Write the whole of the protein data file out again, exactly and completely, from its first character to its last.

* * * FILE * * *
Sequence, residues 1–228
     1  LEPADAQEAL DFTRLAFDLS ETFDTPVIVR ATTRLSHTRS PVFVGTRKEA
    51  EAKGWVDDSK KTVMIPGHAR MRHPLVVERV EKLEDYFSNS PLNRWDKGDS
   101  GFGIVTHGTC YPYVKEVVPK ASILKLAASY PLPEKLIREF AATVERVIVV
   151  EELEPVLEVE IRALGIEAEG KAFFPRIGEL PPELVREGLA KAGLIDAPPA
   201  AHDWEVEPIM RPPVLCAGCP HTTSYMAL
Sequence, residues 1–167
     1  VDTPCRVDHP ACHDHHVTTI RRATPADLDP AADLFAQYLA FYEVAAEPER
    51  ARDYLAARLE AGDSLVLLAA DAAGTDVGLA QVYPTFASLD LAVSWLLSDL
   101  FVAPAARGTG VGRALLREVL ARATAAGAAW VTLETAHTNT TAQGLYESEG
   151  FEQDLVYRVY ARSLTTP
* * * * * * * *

Sequence, residues 1–228
     1  LEPADAQEAL DFTRLAFDLS ETFDTPVIVR ATTRLSHTRS PVFVGTRKEA
    51  EAKGWVDDSK KTVMIPGHAR MRHPLVVERV EKLEDYFSNS PLNRWDKGDS
   101  GFGIVTHGTC YPYVKEVVPK ASILKLAASY PLPEKLIREF AATVERVIVV
   151  EELEPVLEVE IRALGIEAEG KAFFPRIGEL PPELVREGLA KAGLIDAPPA
   201  AHDWEVEPIM RPPVLCAGCP HTTSYMAL
Sequence, residues 1–167
     1  VDTPCRVDHP ACHDHHVTTI RRATPADLDP AADLFAQYLA FYEVAAEPER
    51  ARDYLAARLE AGDSLVLLAA DAAGTDVGLA QVYPTFASLD LAVSWLLSDL
   101  FVAPAARGTG VGRALLREVL ARATAAGAAW VTLETAHTNT TAQGLYESEG
   151  FEQDLVYRVY ARSLTTP